If the Government’s proposals go through tonight, young disabled people will never participate in society as equal citizens, and those totally reliant on benefits will suffer even more financially—yet we know from the evidence that investing in social care to support disabled people improves their health, enhances their independence and reduces demand on welfare benefits.
The amendment in the name of the noble Baroness, Lady Wheeler, does not thwart the primacy of the elected House. Nobody says that the current system is acceptable, but these proposals from the Government are not the answer. The public are demanding better social care and support for all those who need it so that they can thrive as dignified human beings. The Government’s last-minute changes to their reforms, sprung on Parliament with no time for proper scrutiny, will not deliver the will of the people, who want investment in social care.
We must, and we will, continue our efforts to secure a better deal, especially for those young disabled people starting out in life, who simply want a life like anyone else. The least we can do tonight is support these reasonable and modest amendments, so that that can become a reality.
My Lords, it is a privilege to follow the noble Baroness, Lady Campbell of Surbiton. I start by thanking the Minister for the large number of meetings during the passage of this Bill in the Lords—with some exceptions, but I will return to those shortly. It has been, for the most part, a very constructive engagement that has taken a considerable amount of the Minister’s and his officials’ time. I believe that the constructive nature of the discussions means that this Bill will leave your Lordships’ House in a better state, and more workable in practice, than when it arrived.
I will speak on Motions C, D and D1 and will leave Motions A, A1 and B to my noble friend Lady Walmsley. I pay particular tribute to her for her dedicated work on the Front Bench, which I have been unable to fulfil because of the strict rules relating to remote contributions.
On Motion C on modern slavery, I particularly thank Ministers for listening to the concerns across all parties in both Houses. Motion C addresses many of the concerns that there were about the willingness of the Government to carry out a review in order to better understand the risk of slavery, human trafficking and modern slavery in the NHS supply chain. It is, of course, only a first step. Eradication of slavery and human trafficking in health service supply chains must remain the key objective, but this will give the Government the tools they need. The publication arrangements will be transparent, and Parliament will have a chance to scrutinise it. For these reasons, these Benches will not oppose Motion C.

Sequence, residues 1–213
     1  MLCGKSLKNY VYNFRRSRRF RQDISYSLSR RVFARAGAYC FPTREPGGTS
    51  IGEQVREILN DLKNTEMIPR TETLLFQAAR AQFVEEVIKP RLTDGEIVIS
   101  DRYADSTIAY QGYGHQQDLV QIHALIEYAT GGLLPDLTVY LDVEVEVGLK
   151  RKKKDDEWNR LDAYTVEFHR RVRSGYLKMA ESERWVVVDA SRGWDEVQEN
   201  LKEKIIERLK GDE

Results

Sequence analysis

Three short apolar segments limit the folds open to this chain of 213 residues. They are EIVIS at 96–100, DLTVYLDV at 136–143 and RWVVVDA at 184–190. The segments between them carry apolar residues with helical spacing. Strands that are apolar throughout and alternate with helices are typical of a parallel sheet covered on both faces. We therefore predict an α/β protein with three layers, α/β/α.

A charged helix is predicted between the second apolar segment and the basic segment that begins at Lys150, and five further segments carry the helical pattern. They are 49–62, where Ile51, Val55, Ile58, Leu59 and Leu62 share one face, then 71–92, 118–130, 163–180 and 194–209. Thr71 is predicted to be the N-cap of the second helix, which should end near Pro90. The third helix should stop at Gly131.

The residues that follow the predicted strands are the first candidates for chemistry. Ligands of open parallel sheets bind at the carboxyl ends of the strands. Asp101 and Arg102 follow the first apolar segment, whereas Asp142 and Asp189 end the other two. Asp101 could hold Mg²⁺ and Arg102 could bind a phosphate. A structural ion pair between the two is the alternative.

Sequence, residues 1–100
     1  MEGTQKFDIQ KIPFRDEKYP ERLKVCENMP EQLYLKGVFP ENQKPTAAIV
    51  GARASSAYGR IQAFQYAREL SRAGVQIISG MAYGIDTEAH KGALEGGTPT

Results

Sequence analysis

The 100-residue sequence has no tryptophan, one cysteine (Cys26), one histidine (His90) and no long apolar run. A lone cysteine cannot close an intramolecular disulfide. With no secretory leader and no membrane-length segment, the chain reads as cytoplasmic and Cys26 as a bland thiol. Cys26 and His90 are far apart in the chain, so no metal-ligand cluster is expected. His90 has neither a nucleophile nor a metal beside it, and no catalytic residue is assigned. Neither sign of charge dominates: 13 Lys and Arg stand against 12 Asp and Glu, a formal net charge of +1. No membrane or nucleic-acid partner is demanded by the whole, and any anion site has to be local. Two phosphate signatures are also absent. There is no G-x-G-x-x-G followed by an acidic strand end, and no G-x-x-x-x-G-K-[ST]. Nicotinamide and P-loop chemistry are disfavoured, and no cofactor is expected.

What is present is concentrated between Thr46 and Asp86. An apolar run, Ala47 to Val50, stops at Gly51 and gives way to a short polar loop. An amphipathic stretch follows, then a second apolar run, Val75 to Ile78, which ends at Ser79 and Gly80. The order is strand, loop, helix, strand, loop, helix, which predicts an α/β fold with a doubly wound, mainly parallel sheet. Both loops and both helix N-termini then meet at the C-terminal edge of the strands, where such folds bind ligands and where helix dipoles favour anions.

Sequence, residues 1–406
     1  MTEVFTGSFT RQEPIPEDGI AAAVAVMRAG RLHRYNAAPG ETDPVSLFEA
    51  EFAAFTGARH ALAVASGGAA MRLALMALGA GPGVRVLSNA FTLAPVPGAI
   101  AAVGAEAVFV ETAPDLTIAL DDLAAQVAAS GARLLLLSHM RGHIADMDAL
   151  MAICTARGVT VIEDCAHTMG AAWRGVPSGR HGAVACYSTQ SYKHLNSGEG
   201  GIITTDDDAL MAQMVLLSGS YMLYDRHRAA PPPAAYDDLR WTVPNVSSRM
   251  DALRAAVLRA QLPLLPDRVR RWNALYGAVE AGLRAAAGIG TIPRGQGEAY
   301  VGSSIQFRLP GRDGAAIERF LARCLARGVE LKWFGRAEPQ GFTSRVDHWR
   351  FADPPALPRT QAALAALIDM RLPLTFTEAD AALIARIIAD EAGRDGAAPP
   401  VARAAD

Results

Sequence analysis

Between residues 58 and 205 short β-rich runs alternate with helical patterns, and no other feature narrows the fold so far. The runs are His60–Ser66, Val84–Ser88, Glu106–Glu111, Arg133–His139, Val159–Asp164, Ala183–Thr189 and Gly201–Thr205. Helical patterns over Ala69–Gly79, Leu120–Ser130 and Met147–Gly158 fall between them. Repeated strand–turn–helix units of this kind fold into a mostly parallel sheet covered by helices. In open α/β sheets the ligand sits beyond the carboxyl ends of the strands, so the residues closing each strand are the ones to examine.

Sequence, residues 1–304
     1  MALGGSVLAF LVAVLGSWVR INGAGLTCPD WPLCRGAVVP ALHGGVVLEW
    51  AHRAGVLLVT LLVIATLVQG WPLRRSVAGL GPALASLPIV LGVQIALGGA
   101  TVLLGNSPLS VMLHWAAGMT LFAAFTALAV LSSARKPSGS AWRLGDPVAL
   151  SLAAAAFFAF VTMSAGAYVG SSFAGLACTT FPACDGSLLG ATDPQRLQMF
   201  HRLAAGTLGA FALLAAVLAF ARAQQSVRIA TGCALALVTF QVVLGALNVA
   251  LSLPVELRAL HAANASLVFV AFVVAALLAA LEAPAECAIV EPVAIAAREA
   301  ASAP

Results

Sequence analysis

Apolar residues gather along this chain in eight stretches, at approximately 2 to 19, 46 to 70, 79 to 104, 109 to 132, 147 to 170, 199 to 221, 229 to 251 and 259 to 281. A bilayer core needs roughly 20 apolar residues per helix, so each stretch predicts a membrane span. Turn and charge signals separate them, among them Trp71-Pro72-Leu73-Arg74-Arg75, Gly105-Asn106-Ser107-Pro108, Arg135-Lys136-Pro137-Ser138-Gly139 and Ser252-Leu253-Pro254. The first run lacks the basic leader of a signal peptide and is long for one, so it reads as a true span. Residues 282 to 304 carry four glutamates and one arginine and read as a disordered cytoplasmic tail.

I turn now to Motions D and D1 on the social care cap. I start by thanking the Minister for his letter—received this afternoon—addressed to the noble Baroness, Lady Wheeler, and copied to myself and others who have attended meetings with him on the social care cap, which provided more detail on the trailblazer programme. By the way, in any other environment they would be called “pilots”, but there we go. I am struggling to see what is new about the trailblazer programme in that letter, other than one extraordinary sentence which says:
“I would be happy to arrange a further meeting with you and the policy team if you would like to discuss this in more depth”.
This is extraordinary because, as was alluded to by the noble Baroness, Lady Merron, until now Ministers have refused to discuss the detail of the social care cap with Peers, even when we met last week. Indeed, being told that if we tabled any amendments on this and workforce, then any concessions on the other two issues would be removed from the table, was a somewhat breath-taking breaking of convention, so I think that we are all relieved that Ministers removed that edict. I hope that we can safely return to the usual conventions.
Motion D still does not recognise that the proposed changes to the care cap, announced just before the Bill left the Commons before Christmas, have not had any wider consultation with stakeholders, and have had only the briefest timed debate in the Commons. That is important because the Government’s changes to the care cap, not mentioned by the Minister this evening, mean that the amounts accrued towards the £86,000 cap are now based solely on the individual’s out-of-pocket expenses. Although individuals will still qualify for means-tested financial support if their assets fall below £100,000, in practice this will no longer protect people with more modest means and will simply see them contributing over a much longer period.
This is a regressive arrangement which will leave many people in a much worse position than that outlined by the Prime Minister on the steps of No. 10 Downing Street or by the Secretary of State for Health when the White Paper on the health care levy was introduced and before any of this detail was published. The Minister has repeatedly said during the passage of the Bill that those under 60 who receive personal care will not be worse off. That is untrue, as was so ably explained just now by the noble Baroness, Lady Campbell, whom we support in her aim for a zero cap.
Even the Government’s own impact assessment shows that its proposals will benefit only around 10% of working-age care users, and that there will be a limited impact on improving the funding spent on working-age disabled adults. How many more times must we say that it is still a disgrace that younger adults with disabilities—who we know are more likely to be asset and savings-poor, likely to need care and support for much longer, and so will accrue much higher levels of costs than the elderly—will use the same arrangements as older people? Those older people will use personal care for much less time and will have had decades of income and asset-building behind them. The proposals from the Government are just not fit for purpose and must be reviewed for this group of younger adults in particular.